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This ethnography explores the movement and restriction of religion as mediated by prison and jail chaplains in correctional institutions. Spread across four chapters are conversations with eleven interlocutors, including nine correctional chaplains working across the country, the director of a nationwide nonprofit generating Islamic education for those incarcerated, and a currently incarcerated "field minister" in Louisiana. I found that given the broad freedom of movement enjoyed and essentialized by correctional chaplains across centuries, religion too, as propelled by chaplains, has a rare fluidity and permeability in prisons and jails. I term this twofold phenomenon dual movement. Simultaneously, this movement is restricted and controlled by the dual confinement of the incarcerated person’s body and spiritual direction by corrections administrators and chaplains alike. I contend that analyzing the mechanisms of dual movement and dual confinement inherent to these facilities is the key to understanding the fluidity of religion and the power structures between chaplains and the incarcerated people to whom they minister. These power structures are remade each day in either relational and reflective pastoral counseling conversations, material-rich or lacking religious services, or explicitly “rehabilitative” religious programs that reframe vintage rhetoric of religious salvation as attempts at molding imprisoned people into models of self-discipline. As long as these institutions are still widely regarded as indispensable and security remains the ultimate concern of the state, I argue that chaplains, positioned at the junction of penal and spiritual power, are most capable of introducing and sustaining life-affirming and dignifying care.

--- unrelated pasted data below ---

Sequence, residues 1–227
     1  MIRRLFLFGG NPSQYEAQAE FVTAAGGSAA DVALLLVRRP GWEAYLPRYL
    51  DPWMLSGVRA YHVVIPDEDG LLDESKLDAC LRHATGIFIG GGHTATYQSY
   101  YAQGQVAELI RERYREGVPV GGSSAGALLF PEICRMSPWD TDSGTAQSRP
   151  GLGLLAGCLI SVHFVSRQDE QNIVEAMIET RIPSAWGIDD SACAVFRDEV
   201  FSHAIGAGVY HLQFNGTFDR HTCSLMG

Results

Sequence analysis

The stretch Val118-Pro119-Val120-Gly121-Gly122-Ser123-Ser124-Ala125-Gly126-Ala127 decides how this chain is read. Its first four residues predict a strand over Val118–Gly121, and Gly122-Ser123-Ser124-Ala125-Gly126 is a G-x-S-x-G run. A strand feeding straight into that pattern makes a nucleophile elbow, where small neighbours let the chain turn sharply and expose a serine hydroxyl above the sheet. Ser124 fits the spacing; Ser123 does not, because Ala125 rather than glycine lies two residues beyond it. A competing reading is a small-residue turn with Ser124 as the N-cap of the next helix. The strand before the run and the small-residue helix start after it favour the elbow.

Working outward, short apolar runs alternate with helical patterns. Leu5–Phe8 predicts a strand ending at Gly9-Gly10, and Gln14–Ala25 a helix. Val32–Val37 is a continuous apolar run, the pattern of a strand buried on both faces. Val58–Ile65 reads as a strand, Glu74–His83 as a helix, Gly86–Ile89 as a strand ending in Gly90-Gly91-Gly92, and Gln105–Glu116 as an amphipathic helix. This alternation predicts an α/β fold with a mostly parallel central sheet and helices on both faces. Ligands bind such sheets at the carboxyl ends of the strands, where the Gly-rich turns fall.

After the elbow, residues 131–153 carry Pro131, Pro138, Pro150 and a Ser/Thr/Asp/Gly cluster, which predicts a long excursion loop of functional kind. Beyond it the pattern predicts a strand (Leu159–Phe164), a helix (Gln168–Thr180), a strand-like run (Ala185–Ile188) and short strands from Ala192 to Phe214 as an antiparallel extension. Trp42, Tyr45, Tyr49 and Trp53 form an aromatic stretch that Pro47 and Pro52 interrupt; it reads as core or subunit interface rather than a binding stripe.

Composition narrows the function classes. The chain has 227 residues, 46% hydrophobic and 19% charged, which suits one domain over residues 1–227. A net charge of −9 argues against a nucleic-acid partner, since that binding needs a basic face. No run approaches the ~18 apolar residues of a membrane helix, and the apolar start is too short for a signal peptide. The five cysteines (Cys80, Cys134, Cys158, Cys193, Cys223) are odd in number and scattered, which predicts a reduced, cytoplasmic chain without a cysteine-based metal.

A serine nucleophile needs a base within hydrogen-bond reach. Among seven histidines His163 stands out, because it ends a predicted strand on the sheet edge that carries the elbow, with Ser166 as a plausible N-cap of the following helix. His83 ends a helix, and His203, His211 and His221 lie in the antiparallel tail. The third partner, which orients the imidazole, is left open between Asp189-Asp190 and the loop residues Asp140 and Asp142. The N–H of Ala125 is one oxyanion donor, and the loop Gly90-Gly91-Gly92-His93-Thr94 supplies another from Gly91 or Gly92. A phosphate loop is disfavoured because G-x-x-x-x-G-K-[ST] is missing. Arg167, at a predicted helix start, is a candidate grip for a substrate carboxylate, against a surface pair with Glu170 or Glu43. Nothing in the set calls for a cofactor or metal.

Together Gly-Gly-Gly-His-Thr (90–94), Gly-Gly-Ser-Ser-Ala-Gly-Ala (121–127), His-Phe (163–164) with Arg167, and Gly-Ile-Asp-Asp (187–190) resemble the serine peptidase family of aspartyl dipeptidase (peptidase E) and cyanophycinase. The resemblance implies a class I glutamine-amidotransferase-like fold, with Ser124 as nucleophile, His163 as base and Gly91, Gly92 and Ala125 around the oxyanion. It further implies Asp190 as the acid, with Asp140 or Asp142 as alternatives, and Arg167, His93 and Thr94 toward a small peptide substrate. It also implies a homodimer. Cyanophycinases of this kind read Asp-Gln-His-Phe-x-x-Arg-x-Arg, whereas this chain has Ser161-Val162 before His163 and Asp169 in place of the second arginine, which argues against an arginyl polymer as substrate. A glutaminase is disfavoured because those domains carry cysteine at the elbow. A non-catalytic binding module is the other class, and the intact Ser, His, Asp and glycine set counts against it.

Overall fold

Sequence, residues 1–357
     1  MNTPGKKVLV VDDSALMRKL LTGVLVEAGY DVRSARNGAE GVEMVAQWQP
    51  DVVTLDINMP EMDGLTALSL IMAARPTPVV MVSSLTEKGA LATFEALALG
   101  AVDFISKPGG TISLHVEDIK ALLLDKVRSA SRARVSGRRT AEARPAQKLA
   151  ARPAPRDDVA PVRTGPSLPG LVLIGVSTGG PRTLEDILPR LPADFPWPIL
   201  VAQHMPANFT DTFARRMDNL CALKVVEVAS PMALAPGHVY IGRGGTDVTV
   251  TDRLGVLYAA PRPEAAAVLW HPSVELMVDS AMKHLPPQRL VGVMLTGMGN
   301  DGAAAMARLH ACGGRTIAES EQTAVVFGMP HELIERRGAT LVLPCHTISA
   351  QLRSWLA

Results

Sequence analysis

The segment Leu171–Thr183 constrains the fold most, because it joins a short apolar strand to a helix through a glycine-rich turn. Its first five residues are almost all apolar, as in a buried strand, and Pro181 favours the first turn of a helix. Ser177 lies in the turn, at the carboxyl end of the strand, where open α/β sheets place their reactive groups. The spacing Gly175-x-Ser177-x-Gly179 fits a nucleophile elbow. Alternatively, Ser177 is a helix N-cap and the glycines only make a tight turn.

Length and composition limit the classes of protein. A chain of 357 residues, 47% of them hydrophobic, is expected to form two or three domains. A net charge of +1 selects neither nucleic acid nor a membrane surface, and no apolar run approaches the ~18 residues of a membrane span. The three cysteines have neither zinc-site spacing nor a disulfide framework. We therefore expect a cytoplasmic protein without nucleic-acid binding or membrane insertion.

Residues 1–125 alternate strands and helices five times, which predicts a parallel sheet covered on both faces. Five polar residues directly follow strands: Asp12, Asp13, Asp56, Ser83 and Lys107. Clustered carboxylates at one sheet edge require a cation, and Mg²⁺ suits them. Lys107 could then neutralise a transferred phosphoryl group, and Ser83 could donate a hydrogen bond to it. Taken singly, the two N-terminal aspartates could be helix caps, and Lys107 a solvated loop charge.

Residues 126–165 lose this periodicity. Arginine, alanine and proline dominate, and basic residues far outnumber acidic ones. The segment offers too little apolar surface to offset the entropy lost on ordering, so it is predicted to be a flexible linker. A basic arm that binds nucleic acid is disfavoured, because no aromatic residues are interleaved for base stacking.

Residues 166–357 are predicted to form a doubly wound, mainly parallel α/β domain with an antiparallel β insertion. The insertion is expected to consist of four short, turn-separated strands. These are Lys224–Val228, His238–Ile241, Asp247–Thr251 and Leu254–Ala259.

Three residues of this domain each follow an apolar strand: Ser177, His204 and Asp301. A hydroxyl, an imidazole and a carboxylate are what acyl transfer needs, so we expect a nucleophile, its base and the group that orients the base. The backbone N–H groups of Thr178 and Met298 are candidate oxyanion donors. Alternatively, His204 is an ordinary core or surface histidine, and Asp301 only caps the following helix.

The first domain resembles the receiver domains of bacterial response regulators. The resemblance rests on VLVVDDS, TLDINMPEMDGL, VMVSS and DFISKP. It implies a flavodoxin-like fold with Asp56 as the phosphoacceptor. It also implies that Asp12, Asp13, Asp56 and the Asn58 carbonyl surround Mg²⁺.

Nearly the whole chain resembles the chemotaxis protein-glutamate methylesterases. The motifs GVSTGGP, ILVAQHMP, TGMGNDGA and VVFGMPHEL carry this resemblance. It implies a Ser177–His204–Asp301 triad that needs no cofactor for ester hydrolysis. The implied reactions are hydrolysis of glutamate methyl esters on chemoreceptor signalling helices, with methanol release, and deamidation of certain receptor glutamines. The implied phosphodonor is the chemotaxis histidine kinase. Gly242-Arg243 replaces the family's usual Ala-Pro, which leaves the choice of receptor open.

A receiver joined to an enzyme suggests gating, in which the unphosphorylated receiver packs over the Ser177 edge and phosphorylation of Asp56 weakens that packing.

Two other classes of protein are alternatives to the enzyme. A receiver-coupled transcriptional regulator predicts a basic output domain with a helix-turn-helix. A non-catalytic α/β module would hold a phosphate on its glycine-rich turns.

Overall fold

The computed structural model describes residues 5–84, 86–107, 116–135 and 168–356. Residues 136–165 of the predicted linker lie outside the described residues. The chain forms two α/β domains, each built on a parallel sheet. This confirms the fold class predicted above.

Available for download on Thursday, May 18, 2028
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